Isn’t it great that we can have something that is not only good for us, but fun to use? I’m talking about chocolate! Yes sir, dark gold, pure happiness! You’ve probably heard the buzz about dark chocolate, and how it’s good for your blood pressure, lowers cholesterol, prevents cancer and can fix nearly anything that is wrong with you, except that expanding waistline. (And for the record — white chocolate is not really chocolate at all. It’s milk solids and fat. No cocoa. Nada.)
The basic ingredients of dark chocolate include cacao beans, sugar, soy lecithin (an emulsifier to preserve texture), and flavorings. This yummy treat, which contains fewer milk solids than its more popular cousin, milk chocolate, often is rated by the percentage of cocoa solids in the bar. The cocoa content of commercial dark chocolate bars can range from 30 percent to above 80 percent.
Some of dark chocolate’s benefits come from resveratrol, an antioxidant (immune system booster) found in red wine, among other products. Its mental health benefits include the ability to boost brain levels of endorphins (natural opiates) as well as serotonin (a mood-altering chemical on which many antidepressants act). Because it can increase serotonin levels in the brain, dark chocolate also may increase serotonin production in the gut, and thus help your immune system.
But before you decide to switch to an all-dark-chocolate diet and throw away the rabbit food, keep this in mind: The recommended dose is one ounce per day. It doesn’t sound like much, but it may help reduce blood pressure and increase arterial blood flow, reduce the chance of blood clots and lower LDL (bad) cholesterol.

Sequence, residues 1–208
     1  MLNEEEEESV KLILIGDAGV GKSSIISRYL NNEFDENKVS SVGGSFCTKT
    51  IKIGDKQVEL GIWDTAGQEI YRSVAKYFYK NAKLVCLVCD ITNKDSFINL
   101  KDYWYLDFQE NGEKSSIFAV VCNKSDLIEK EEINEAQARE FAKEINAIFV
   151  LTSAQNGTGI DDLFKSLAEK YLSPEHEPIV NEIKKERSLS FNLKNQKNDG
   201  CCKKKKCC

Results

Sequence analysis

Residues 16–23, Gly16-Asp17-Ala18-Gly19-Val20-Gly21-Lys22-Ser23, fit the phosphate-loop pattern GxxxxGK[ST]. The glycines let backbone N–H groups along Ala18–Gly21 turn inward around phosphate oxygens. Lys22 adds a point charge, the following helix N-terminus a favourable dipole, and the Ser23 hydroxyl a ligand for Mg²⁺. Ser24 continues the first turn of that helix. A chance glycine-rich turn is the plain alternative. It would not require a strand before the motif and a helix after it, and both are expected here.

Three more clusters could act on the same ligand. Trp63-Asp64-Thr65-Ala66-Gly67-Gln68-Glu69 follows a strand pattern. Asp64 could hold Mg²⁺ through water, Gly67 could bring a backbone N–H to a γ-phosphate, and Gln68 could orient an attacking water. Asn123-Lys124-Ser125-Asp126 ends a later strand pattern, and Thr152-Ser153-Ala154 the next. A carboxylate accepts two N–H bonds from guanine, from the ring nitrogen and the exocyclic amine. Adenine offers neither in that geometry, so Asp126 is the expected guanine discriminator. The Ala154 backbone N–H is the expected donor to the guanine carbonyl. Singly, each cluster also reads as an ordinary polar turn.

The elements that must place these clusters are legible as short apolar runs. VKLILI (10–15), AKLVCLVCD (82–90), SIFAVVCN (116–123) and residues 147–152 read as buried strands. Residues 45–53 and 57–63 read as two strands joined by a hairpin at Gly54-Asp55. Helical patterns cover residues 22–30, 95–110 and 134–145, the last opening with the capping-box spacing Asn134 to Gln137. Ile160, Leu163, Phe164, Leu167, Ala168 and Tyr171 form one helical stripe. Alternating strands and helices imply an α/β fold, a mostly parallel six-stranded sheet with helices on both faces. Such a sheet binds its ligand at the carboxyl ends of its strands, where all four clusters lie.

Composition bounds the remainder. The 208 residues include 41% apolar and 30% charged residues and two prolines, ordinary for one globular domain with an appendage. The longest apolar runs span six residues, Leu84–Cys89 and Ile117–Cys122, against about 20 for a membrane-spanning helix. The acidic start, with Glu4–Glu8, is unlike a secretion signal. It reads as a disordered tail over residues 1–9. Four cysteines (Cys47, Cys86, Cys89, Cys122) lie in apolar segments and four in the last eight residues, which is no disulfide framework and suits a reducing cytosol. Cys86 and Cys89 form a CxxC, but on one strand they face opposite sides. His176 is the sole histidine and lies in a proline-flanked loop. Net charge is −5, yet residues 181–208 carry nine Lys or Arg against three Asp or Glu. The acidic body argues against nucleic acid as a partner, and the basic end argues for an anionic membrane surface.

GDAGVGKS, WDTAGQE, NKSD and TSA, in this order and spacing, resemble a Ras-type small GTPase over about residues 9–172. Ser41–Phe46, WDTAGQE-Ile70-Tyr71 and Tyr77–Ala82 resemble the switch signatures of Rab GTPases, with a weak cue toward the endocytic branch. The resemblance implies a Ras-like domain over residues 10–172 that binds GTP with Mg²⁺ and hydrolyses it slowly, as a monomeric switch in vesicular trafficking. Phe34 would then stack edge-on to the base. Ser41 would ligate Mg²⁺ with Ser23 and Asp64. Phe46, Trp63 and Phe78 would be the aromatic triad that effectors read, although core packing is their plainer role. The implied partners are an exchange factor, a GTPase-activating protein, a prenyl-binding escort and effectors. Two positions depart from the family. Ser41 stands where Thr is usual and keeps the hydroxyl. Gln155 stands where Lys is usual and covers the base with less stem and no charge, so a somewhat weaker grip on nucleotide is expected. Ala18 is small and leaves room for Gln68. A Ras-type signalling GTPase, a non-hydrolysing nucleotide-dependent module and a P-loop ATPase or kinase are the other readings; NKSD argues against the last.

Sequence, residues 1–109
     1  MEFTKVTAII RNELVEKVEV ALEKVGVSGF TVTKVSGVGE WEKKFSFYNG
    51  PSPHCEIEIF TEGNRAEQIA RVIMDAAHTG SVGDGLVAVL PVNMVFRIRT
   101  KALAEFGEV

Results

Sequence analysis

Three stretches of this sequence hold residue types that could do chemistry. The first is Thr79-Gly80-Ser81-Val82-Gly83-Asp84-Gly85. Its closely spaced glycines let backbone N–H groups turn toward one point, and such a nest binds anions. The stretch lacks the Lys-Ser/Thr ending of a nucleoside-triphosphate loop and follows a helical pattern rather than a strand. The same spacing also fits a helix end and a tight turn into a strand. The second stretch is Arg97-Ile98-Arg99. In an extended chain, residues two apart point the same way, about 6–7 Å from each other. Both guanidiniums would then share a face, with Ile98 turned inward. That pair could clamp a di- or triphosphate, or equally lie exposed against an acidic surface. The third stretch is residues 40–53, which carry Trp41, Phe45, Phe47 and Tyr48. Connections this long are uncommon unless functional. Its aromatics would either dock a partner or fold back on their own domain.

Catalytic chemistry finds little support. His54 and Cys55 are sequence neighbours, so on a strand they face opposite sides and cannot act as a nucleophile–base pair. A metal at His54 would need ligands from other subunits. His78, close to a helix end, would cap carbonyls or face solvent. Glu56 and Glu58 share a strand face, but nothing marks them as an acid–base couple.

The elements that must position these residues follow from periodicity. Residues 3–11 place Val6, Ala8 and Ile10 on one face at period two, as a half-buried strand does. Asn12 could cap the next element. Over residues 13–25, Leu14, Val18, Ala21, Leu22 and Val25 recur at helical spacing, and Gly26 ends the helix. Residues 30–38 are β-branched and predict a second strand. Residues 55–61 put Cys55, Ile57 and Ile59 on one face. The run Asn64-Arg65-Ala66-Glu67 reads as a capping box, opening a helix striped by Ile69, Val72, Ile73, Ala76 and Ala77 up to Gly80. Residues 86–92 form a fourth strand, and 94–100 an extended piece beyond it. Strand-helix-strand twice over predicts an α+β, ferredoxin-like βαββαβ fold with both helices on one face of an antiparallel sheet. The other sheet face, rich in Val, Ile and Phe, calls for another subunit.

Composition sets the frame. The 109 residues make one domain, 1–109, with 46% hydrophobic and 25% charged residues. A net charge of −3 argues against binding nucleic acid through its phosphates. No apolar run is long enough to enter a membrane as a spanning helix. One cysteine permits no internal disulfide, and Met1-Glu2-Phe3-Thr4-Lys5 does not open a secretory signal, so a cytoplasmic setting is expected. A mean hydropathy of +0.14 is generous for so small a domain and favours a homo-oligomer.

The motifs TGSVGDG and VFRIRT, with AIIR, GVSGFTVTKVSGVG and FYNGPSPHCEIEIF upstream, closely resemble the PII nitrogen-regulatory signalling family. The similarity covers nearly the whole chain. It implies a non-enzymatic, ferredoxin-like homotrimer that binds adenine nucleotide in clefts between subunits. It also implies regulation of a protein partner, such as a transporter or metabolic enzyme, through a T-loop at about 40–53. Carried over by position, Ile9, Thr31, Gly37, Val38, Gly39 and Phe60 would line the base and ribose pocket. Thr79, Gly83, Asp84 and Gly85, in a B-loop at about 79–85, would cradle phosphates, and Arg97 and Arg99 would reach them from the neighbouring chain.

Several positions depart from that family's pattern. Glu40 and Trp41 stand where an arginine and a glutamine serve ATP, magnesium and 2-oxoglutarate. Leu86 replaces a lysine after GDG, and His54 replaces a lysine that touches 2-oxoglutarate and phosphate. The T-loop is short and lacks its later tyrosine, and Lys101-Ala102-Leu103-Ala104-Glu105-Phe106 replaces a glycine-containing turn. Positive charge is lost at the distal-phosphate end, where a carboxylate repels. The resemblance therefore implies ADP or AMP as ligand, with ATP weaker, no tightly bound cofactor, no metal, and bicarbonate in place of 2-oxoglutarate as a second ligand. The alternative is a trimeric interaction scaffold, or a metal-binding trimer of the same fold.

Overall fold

Here’s another dietary caution: Downing a glass of milk along with your ounce of dark chocolate negates all the good stuff. Research has shown that milk interferes with the absorption of the antioxidants. So, in that case, all you get are the calories. Bummer.
If that isn’t enough to convince you not to go wild in the candy aisle, try this: Eating too much chocolate each day can cause complications including migraines, weight gain, digestive tract problems (such as diarrhea), kidney stones and heartburn. Dark chocolate seems to have less of an impact on heartburn than milk chocolate and it may also be less of a problem in gallbladder disease, but no promises there. And all chocolate contains caffeine, which is a problem for some as well. As always, if you have any dietary restrictions, talk with your primary care physician before making any big changes.
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Last reviewed: By John M. Grohol, Psy.D. on 24 Apr 2009
Published on PsychCentral.com. All rights reserved.
Walcutt, D. (2009). Chocolate and Mood Disorders. Psych Central. Retrieved on December 17, 2014, from http://psychcentral.com/blog/archives/2009/04/27/chocolate-and-mood-disorders/